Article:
Things were not much better over in the DOW (INDU). The old economy average closed down 5.65 to 10636.88 after having been in positive territory for much of the afternoon. Helping to prop up the DOW were shares of United Technologies (NYSE:UTX), which rose $1.20 to $79.65 and also shares of Phillip Morris (NYSE:MO), which rallied $1.76 to $48.26.

Over in the treasuries arena, bonds took flight and yields plummeted, as traders anticipate more rate cuts out of the Fed. The 10-year note rose 22/32 to yield 4.95% and the 30- year bond rallied 1 13/32 to yield 5.35%.

Stocks and Sectors on the Move

The few pockets of strength today were seen in tobacco, defense and to some extent the banks. The AMEX Bank Index (BIX.X) rose 5.46 on the heels of sharply lower short-term bond yields. Some winners within the sector included Wells Fargo (NYSE:WFC) up $0.49 to $50.07, Bank of America (NYSE:BAC) up $0.45 to $51.43 and Summit Bankcorp (NYSE:SUB) up $0.59 to $43.29.

It was Goldman Sach's (NYSE:GS) that helped to drag the tech sector lower by initiating sweeping downgrades across a number of sectors based upon valuations. They lowered guidance on such names as IBM, off $2.71, Hewlett-Packard (NYSE:HWP) off $1.40, EMC Corp (EMC) off $3.34, Applied Micro Circuits (NASDAQ:AMCC) off $4.75, PMC Sierra (NASDAQ:PMCS) off $6.56 and Broadcom (NASDAQ:BRCM) off $5.13 among others.

It was also a rough day for Nike (NYSE:NKE). The stock swooshed lower by $9.57, or 19.46% after it warned late Monday that it would substantially miss earnings estimates for its third-quarter due to weakness in U.S. footwear orders. Additionally, it blamed its supply chain management program produced by I2 Technologies (NASDAQ:ITWO) for its problems. Nike finished at $39.60 and ITWO finished down $7.94 to $27.56.

Another big downside mover was high-flyer Frontier Airlines (NASDAQ:FRNT). The Denver based discount carrier announced today that it would likely come in with fourth-quarter earnings of $0.38-$0.48/share, much lower than previous estimates of $0.59/share. The airline descended $11.19, or 31.51%, crash landing at $24.31. It was also downgraded from "strong buy" to "market perform" by Raymond James.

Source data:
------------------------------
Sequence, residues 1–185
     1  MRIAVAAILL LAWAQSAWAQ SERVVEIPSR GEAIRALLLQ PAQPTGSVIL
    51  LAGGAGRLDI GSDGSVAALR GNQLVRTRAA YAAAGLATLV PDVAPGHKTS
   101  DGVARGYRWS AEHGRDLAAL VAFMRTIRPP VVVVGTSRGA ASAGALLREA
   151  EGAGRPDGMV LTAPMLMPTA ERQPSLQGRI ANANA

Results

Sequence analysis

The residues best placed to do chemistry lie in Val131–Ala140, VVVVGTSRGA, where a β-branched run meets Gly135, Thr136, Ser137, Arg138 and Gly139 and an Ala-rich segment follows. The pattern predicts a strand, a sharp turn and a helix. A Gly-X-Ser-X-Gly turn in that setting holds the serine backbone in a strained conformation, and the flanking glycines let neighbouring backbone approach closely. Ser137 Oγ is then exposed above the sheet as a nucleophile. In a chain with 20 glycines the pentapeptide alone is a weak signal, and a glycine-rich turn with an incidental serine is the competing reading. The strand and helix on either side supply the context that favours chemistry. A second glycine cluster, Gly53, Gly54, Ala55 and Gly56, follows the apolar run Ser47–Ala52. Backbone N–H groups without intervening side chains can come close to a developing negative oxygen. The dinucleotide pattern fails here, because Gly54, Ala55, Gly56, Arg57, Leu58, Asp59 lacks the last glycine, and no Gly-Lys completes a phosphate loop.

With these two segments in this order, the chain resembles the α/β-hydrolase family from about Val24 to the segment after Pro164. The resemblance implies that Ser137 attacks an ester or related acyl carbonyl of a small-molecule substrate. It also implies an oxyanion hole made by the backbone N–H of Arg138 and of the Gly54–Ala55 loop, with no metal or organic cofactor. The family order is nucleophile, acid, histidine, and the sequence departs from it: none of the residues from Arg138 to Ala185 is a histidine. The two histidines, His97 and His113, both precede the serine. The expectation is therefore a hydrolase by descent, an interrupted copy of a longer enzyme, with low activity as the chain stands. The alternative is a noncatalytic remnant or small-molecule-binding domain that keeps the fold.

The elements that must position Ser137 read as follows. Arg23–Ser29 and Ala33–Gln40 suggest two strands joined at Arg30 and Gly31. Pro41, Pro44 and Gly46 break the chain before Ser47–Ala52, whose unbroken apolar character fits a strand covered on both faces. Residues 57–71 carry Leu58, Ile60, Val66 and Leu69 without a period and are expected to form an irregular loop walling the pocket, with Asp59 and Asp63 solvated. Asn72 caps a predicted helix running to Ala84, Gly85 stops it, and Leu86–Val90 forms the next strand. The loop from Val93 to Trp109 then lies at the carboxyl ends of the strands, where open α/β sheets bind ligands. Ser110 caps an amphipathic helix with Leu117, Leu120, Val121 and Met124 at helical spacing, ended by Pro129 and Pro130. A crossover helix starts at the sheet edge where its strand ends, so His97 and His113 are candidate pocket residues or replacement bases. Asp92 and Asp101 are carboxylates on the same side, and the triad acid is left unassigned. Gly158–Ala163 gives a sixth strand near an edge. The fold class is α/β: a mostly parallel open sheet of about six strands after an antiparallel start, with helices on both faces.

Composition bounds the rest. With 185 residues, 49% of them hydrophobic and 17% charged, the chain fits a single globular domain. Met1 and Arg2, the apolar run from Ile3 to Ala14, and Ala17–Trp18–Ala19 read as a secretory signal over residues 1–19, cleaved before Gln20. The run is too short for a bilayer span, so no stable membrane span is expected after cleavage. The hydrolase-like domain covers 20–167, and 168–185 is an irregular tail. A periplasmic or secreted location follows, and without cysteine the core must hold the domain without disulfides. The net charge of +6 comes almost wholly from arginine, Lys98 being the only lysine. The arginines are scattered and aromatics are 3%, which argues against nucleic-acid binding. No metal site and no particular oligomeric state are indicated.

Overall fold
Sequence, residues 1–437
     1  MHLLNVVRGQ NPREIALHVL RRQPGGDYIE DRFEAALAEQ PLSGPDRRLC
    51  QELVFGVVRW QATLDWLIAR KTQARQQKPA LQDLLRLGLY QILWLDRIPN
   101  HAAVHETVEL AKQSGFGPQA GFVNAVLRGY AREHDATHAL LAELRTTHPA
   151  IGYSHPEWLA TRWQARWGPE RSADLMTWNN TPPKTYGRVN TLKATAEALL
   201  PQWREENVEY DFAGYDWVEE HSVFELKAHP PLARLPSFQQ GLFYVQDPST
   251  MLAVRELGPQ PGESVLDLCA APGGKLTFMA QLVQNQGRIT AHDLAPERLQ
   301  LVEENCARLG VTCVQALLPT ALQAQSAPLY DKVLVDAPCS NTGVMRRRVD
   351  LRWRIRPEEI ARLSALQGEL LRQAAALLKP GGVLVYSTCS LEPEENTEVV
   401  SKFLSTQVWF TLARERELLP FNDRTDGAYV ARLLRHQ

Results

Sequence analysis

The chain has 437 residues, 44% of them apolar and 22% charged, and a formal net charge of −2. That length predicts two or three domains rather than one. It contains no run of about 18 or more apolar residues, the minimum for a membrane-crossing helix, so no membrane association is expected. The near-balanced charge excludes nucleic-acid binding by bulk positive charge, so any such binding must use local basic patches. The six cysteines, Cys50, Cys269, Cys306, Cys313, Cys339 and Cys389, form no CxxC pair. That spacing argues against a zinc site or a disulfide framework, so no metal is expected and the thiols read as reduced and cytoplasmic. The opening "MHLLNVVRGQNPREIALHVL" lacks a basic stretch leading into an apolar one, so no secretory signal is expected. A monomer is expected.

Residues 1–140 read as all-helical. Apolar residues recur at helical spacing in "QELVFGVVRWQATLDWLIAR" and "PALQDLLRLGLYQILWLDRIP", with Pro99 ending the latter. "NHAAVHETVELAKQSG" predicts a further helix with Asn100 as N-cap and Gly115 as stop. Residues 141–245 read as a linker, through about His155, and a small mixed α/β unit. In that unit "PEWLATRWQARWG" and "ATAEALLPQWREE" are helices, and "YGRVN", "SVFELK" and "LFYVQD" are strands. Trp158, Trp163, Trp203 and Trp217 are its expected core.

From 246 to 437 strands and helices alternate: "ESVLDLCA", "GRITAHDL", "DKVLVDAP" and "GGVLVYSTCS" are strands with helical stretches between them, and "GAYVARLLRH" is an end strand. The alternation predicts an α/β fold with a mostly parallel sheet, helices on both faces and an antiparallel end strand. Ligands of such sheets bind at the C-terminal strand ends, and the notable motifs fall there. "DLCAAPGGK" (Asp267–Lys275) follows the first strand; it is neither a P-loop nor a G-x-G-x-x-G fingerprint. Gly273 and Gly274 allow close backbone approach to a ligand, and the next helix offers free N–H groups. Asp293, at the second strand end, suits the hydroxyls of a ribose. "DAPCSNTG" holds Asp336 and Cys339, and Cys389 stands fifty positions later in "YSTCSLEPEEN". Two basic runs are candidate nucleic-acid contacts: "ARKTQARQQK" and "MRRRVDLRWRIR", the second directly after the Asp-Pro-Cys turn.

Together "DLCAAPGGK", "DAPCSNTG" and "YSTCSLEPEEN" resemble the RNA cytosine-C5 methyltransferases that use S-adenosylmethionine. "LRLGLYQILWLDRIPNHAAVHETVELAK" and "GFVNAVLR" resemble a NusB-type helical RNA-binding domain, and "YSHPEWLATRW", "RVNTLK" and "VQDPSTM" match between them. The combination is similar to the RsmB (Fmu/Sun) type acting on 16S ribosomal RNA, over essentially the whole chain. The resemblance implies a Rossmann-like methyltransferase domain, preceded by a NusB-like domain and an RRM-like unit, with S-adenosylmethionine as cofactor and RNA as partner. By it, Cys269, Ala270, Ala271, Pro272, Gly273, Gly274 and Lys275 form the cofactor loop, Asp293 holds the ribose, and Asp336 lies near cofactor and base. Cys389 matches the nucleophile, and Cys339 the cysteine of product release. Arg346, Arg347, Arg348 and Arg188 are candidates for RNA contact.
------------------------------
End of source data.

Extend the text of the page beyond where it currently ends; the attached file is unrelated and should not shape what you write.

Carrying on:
Turning to the Splittrader Current Play stocks, we have not been immune from the market downturn but since our rotation to conservative picks, the list is holding up well. Moreover, we have some standouts that are actually advancing amidst the strong selling pressure seen throughout the rest of the market. Performance Food (NASDAQ:PFGC) advanced $0.56 to $50.56 today and successfully broke out of a double bottom formation. International Game Technology (NYSE:IGT) finished down $0.10 to $54.50 but notched a new intraday high at $55.50 earlier in the day.

Looking Forward, Always Forward

All eyes and ears will be tuned towards Alan Greenspan's testimony before the House Financial Services Committee tomorrow to catch any hint of what he might be doing with rates. Although the Fed Chairman is famously tight lipped about rate moves, the market's precariously fragile state might be cause for a piece of subtle insinuation on Greenspan's part.

With optimism of a 2001 second half recovery quickly fading and with the NASDAQ continuing to make lower lows, it has all come down to more rate cuts. The only question is whether or not the market (or more specifically the institutions) believe that further cuts will help or if they are positioning themselves for an extended recession. If bond yields continue to fall and bank stocks roll over again, even after further rate cuts then hold the phone then I believe that we are not done yet.

Again, keep on your toes and remain defensive until the market's mood significantly changes. Not that we short stocks on Splittrader, but now is not the time to be considering that strategy either. With another rate cut on the way, a short squeeze could be in the works for many stocks that have exhibited strong down trends. Although, the longer the Fed waits to cut rates, the less of a chance that we will get a short squeeze pop in the market like we got with the first surprise rate cut in January.

Craig Seidler
Assistant Editor


Copyright 2001